Steamed buns of Asia

The introduction of soft Chinese steamed buns (Mantou), for many across Asia and elsewhere, can be attributed to the movie Shaolin Soccer (2001). However, the history of this bun is much older than that. Mantou, a yeast-leavened steamed bun, is an integral part of Chinese cuisine.

Shaolin Soccer (2001), lead character eating a steamed bun

History of Bao and other steamed buns

It is believed that Mantou, for the first time, was introduced by the Northern Han Chinese, circa 3rd century B.C, as a result of their cultural exchange with the tribes to the North. Traditionally, Mantou was a soft steamed bun. With time, in Southern China, however, this bun came to be known as Bao.
Later on, unfilled Mantou was referred to as just Mantou, while the filled/stuffed Mantou became renowned as Bao.
While Mantou is mostly served with sweet condensed or soy milk, Bao, stuffed with pork, chicken meat, or veggies, is served with tea. There are fried and grilled Bao too. The Uyghur Muslims prepare a Tandoori Baos, often filled with lamb meat and baked in tandoors. Xiaolongbao, popular in the Shanghai region of China, is made by steaming the Bao filled with pork meat broth. There are many such local varieties of Mantou and Bao in China.
Notably, the Chinese culture has existed for centuries, claiming the title of one of the oldest in Asia. Therefore, over the centuries, due to the cultural exchanges and increase of Chinese influence in neighboring countries, Mantou has also become a part of the local cuisine in many other parts of Asia. Two of these countries are Malaysia and Indonesia, which adopted Mantou and Bao in their local cuisine due to the increased influx of Chinese immigrants and the influence of their culture. Kaya Bao, famous in Indonesia and Malaysia, is stuffed with Kaya Jam. Kaya jam is made from mixing coconut, egg, and the fragrant leaves of the Pandan plant.

When the Mantou recipe reached Japan around the 14th century A.D, it took up the name ‘Manju’ and soon proliferated into many different dishes. One of these, the Mizu Manju, is a transparent bun with sweet red bean paste filling. The Matcha Manju has a fresh taste of green tea embedded in it because of the addition of ground tea leaves while cooking. Japanese Manju is mostly sweet confectionaries because of the red bean paste, sweet potatoes, and several other fillings that are commonly stuffed inside these buns.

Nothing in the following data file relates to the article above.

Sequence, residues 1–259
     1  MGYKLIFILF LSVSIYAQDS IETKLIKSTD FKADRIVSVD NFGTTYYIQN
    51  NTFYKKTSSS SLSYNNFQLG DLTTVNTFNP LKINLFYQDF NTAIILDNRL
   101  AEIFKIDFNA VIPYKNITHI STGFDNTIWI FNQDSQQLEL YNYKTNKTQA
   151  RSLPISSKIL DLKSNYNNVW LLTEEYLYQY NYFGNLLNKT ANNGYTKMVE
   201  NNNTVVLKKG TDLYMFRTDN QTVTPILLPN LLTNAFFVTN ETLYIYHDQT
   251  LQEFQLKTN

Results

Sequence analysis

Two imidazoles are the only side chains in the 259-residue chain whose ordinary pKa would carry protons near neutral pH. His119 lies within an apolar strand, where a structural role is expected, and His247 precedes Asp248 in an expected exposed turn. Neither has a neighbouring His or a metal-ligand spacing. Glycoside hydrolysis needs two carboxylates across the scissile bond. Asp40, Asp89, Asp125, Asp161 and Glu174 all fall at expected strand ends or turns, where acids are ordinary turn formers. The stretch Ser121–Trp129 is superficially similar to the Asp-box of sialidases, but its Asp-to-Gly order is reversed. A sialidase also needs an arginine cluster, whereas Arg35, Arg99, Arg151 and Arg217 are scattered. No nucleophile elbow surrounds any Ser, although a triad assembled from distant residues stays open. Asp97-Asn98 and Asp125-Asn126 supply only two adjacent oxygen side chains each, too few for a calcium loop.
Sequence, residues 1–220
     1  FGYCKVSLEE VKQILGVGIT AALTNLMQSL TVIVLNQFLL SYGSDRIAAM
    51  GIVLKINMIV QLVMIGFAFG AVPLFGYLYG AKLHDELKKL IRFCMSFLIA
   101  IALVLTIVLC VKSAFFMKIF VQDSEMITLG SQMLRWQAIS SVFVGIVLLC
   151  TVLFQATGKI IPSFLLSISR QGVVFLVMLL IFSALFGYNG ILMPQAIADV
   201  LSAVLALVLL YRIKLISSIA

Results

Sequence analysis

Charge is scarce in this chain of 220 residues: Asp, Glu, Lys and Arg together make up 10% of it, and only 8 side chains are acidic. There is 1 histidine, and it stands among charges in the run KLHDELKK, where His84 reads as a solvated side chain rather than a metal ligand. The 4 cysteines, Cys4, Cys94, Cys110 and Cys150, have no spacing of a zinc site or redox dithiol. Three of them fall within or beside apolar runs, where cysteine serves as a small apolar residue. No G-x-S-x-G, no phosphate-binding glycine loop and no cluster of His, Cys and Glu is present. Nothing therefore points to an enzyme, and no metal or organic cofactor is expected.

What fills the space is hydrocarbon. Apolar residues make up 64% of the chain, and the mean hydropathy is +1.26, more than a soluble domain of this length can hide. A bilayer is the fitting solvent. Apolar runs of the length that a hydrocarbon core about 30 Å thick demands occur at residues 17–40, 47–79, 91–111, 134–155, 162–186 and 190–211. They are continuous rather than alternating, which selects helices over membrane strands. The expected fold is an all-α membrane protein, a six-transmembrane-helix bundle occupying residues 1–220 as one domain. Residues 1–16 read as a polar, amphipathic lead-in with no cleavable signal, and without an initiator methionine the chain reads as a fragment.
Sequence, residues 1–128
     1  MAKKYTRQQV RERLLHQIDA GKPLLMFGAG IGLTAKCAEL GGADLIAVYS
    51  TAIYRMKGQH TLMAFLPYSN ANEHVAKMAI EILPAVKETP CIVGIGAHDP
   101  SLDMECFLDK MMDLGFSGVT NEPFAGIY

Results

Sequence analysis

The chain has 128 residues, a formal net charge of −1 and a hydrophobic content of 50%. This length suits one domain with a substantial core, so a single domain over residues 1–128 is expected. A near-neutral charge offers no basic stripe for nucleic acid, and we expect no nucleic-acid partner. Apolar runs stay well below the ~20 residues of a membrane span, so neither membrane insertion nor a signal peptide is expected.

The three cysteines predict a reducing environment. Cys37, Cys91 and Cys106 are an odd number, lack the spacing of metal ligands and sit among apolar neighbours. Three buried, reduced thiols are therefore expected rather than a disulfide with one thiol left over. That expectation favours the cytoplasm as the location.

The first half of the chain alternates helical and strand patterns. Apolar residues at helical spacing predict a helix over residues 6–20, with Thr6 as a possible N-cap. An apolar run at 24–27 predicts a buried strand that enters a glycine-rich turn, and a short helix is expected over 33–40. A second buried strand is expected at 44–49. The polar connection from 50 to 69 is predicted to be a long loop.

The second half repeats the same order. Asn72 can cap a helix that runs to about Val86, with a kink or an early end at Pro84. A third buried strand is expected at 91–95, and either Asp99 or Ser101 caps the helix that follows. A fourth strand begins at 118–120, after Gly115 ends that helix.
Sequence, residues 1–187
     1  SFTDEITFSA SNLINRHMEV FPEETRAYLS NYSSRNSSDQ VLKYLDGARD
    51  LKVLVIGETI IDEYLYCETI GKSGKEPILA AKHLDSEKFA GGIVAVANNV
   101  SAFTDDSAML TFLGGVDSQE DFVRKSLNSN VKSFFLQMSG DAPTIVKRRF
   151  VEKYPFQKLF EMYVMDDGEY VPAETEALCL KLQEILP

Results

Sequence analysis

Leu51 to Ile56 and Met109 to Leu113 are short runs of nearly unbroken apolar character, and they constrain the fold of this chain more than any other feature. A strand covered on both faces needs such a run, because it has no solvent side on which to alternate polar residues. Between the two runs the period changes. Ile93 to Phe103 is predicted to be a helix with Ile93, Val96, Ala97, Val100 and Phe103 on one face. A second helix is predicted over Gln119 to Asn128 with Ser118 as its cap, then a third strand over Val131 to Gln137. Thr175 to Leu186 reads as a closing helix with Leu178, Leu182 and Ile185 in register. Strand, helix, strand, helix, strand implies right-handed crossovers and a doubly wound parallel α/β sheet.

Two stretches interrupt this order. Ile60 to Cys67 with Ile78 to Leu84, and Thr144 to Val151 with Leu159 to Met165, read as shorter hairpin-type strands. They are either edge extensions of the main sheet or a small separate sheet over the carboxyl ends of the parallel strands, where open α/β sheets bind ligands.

In North and South Korea, Mantou took the form of ‘Mandu’ dumplings, which are steamed, fried, and boiled. Kimchi-Mandu, with its signature Korean Kimchi filling, is a very popular Mandu and is generally eaten on New Year’s eve.

When the Bao recipe reached India through Tibet and Nepal, it became known as Momos. Momos, fried and steamed, are served with different kinds of spicy sauces.

While the Chinese took the Mantou eastwards, the Turkic and Mongol hordes were responsible for carrying the bun toward the west. Turkic warriors once ruled the land between Egypt and India. And ‘Manti,’ the name they gave to the Mantou dumplings, was one factor for their military success in the region. These warriors carried dried Manti balls filled with the horse, beef, or lamb meat on horsebacks wherever they went. Manti dumplings could be instantly cooked and saved much time that the warriors would have otherwise wasted in cooking and camping.


Traditionally, the Ottoman Turks used to steam their Manti dumplings and fill them with chickpeas and pound lamb or beef meat. The modern Turkish people, however, like to bake and boil their Manti. The Central Asian Turkic tribes add squash and black pepper to the meaty filling inside this bun. The Manti is steamed and topped with butter. In Pakistan and Afghanistan, steamed Manti is filled with kidney beans, garlic, onion, and lamb/beef meat and is served with a tomato sauce.

Turkish steamed Manti dumplings

 Usual procedure of making Mantou and its variants

The exterior of the bun is usually made of white wheat flour. However, at times, substitutes like corn flour can also be used for preparing the Mantou. Yeast and baking powder are added to the Flour, which is then kneaded slowly with the help of water. After leaving the dough to sit for approximately 30 minutes, one can either place the filling inside the cut pieces of dough or steam, bake, boil or fry the unfilled Mantou balls. By trying out different fillings, toppings, and dips, one can emulate different types of Mantou-inspired steamed buns.
From the small and handy Turkic Manti dumplings to the sweet, confectionery-flavored Japanese Manju, owing to its simplicity, Mantou has now become an integral part of the local cultures and cuisines throughout Asia.

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